What is missing in the Dean's narrative is any evidence whatsoever that faculty have needed rescuing by the U. In other words, there is not really a problem, but there might be one, so the U should erect a vast monitoring (the Dean says it's not monitoring but methinks she doth protest too much) system and require yet more reporting from faculty--on top of the already onerous reporting and permission seeking that we already do. (How many hours did you spend on IRB applications last year?) It will be costly to monitor faculty travel and the benefits of doing so are minimal, so this seems like a ridiculous plan at a time when the U is facing huge budget cuts.
Even if we had loads of money, the plan is paternalistic and just plain dumb. The bureaucrats themselves admit that the liability issues associated with international travel are the same as for domestic travel. Even if we do report our travel, how will they know something bad has happened to us--will we be required to check in every day? Maybe they should just microchip us (GPS-Alliance could GPS us!) so that they know where we are all the time. Perhaps faculty could also be mounted with distress buttons so that we could call out for help. What are they gonna' do if we do get in trouble...send in a private military corporation to save us from the dangerous natives? No, they'd probably just do what our families and friends would do, which is call the State Department.
But the most important issue is that of academic freedom. Will grad students (and perhaps faculty) be barred from doing research in large swathes of the world?
EXCERPT from the 11/23/2010 minutes of the Faculty Affairs Committee
Friday, February 11, 2011
Tuesday, February 8, 2011
And the reason...the Regents deem that since the FDA and Minnesota Board of Medical Practice said everything was hunky dory, the U should not expend resources on it.
Perhaps instead of spending millions of dollars on the Driven to Distraction/Because propaganda campaign the U should concentrate its efforts on strengthening its conflict of interest policy. Fat chance of that happening though, because it would mean FOREGOING CORPORATE $$$$ and upsetting RAINMAKERS, who might leave Minnesota for another institution where they can feed unhindered at the trough of big pharma.
Leigh Turner nicely sums things up: the response simply says “people have looked at this, so there’s nothing left to look at.”
Nevermind that the state legislature was so disturbed by the case that it passed a law barring patients under civil commitments from consenting to medical research. Or that Minnesota's mental health ombudsman questioned the recruiting practice. It doesn't take much in the way of critical thinking ability to figure out that getting paid by pharmaceutical companies to recruit subjects for clinical trials creates incentives for people to do bad stuff.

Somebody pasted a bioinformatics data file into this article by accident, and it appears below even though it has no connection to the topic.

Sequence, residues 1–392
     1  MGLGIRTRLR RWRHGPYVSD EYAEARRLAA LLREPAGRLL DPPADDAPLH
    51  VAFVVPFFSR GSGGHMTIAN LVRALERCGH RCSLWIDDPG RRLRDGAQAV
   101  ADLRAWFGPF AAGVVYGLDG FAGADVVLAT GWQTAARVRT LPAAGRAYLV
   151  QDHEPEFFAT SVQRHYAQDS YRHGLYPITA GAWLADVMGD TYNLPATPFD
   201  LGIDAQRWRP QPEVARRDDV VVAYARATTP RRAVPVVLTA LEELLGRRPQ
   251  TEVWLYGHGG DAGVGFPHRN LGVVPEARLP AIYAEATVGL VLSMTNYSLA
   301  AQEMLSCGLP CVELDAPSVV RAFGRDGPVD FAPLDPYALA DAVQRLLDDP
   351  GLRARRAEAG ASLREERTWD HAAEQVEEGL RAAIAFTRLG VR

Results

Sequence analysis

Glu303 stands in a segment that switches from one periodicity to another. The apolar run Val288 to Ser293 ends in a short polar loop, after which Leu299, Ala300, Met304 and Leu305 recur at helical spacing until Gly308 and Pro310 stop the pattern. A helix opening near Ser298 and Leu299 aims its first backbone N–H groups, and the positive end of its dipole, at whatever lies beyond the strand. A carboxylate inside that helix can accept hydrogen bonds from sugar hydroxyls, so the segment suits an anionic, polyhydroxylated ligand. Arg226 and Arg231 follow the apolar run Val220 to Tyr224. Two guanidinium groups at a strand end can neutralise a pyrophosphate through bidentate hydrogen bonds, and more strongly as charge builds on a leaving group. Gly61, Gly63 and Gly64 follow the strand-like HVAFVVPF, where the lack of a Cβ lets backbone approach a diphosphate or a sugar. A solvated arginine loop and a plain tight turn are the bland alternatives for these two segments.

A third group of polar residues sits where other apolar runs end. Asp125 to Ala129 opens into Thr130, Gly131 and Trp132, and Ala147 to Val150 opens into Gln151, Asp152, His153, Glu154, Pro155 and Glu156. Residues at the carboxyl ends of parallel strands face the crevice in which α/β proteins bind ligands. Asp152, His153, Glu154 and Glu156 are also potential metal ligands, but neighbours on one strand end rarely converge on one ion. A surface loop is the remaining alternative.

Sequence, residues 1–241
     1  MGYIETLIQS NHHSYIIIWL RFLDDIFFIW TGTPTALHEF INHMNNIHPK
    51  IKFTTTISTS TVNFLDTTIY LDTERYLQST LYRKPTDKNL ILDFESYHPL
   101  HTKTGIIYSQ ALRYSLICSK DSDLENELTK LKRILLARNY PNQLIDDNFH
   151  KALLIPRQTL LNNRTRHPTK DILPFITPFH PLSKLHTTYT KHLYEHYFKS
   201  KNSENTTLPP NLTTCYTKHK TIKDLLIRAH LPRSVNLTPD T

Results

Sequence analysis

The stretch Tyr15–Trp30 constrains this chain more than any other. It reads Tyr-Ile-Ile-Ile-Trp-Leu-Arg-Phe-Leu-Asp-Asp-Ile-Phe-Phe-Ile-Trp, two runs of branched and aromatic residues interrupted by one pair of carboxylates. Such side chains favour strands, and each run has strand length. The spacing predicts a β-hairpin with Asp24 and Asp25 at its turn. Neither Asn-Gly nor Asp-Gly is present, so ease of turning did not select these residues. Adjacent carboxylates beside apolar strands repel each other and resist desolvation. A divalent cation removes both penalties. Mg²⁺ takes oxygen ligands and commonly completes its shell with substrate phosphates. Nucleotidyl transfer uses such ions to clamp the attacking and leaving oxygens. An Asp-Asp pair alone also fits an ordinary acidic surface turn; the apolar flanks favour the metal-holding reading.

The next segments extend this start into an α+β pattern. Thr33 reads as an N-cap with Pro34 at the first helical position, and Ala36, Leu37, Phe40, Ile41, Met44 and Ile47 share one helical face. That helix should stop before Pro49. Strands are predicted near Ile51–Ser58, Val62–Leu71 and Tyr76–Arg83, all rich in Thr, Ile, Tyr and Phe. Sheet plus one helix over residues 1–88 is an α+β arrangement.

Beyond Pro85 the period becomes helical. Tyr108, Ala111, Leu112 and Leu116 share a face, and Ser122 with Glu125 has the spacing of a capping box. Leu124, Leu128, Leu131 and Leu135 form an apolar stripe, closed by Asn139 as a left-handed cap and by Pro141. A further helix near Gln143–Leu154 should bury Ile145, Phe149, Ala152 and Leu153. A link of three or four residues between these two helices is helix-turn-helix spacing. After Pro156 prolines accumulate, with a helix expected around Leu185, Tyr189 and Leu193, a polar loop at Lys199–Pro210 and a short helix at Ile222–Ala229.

As far as the Regents and top administrators are concerned, however, if it ain't illegal, then the U is in the clear and there's no need for introspection about how the U's lax conflict of interest policy contributed to a tragic outcome. (And no, the new conflict of interest policy does not fix this problem!)
Sunday, February 6, 2011
The U's omnipresent branding campaign makes madradprof think about the Borg episodes of Star Trek Next Generation. The Borg, a race with a collective consciousness, are bent on assimilating all sentient beings into their collective. "Resistance is futile...you will assimilate," they told the Enterprise's captain, Jean Luc Picard.
The branding campaign has expanded beyond "Driven to Discover" (or to Distraction, or to Disaster, or to Dismay...pick your Dis!) to incorporate the "Because..." slogan. Before entering the legislative briefing in January, attendees were required to have a mug shot taken with a "Because..." slogan of their choice. Michael McNabb kindly shared his mug shot with me. (What a good sport, look at that big smile!)
To spread the brand, the U has set up a branding home page. Here one can access logos, pre-made brochures, etc. There are even Because logos for downloading. Tempting to produce some of our own Because messages. A friend suggested "Because the financial crisis requires the elimination of the extravagant compensation paid to administrators" or (2) "Because the University can no longer afford multi-million dollar subsidies to the athletic department each year." But upon reflection we thought that the U's branding police might come after us...
If you haven't already, watch the vomit-inducing ad for which the U probably spent hundreds of thousands of dollars Since 2007, the U has paid the Olson & Co. advertising firm over $6 million for its assistance with the branding/marketing campaign. Evidently this ad along with the Because and Driven to Disaster mumbo-jumbo are supposed to make the citizens of Minnesota love the U and support giving it a bigger budget.
In a separate deposition, Barden (note: a lawyer deposing Schulz) read an excerpt from a bioethics book arguing for the importance of informing patients about a doctor's financial ties to drug companies.
"Do you agree or disagree with that statement?" asked Barden
"I don't agree with that statement," replied Schulz, arguing that disclosing this information could "confuse" the situation.